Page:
It's been a mystery for a long time on Spindrift Drive in La Jolla. A constant, steady stream of water coming from even on dry, sunny days.
"To see all this water going down the drain literally is disturbing to me,” resident Bob Bowden said.
Bowden built his home here in the late 1970s. He says the mystery stream appeared out of nowhere three to five years ago, maybe longer.
"It’s frustrating that we've been unable to get anyone's attention at city hall that could solve it,” Bowden added.
The water runs 24 hours a day, flowing at the same rate no matter what time. People who work on homes on this street but don't live here have noticed.
"People fall all the time. I'm surprised the city hasn't been sued yet,” Kyle Bakken, tree trimmer and La Jolla resident, said.
The running water can also leave behind costly damages.
"Now what it's doing is eroding the street. If you look down you can see it,” construction worker Walt Cooper said.
Even people walking by several times a week have noticed.
"It's there winter and summer or whether it's raining or not,” Ray Weiss, who walks by five days a week on his way to Scripps Institution of Oceanography, said.
The water runs into this storm drain close to the Marine Room restaurant. We followed it up stream and found no visible signs the water is coming from someone's yard. It quite frankly appears to come right out of the sidewalk at this point and again at this point across the street.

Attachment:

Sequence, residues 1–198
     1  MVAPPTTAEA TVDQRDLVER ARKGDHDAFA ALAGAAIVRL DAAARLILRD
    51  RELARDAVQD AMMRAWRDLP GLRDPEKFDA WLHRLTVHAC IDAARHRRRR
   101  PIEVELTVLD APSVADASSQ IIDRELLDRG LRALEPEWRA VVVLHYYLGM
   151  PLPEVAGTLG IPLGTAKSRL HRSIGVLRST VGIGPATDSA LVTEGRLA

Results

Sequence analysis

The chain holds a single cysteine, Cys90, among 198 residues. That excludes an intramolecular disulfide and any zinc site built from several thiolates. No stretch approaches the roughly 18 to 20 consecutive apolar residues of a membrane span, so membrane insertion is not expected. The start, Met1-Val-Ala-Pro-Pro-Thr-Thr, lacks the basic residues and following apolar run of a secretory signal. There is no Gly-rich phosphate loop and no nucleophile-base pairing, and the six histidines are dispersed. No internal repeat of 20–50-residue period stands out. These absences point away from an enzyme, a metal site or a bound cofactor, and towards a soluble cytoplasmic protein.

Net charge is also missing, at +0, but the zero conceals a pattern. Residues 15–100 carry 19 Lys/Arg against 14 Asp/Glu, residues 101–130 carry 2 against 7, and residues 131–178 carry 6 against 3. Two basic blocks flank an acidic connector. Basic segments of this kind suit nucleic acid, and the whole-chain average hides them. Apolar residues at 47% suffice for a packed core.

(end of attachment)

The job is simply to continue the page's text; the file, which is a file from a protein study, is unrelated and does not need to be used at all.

10News found out that a couple of years ago, residents did meet with their city council member and the heads of the Water Department. A Water official brought up the theory that perhaps the water is coming from the ground somewhere on top of Mt. Soledad.
However since then, the city hasn’t confirmed that theory and the water keeps flowing.
One theory that came out of the meeting is that the water is coming naturally from the ground. Since then, that theory hasn't been proven and nothing more has been done.
"We know nothing still after all these years,” Bowden said.
One resident estimates some 30,000 gallons a year are being wasted.
10News is still waiting to hear back from the city.
We also called our expert geologist Pat Abbott for his take on this. He does believe the ground water theory is a possibility.
Abbott explained that past landslides or fault movements on Mt. Soledad may have carved out the earth below in a way that stops and directs water, be it from humans or naturally from the ground, onto streets like spindrift drive.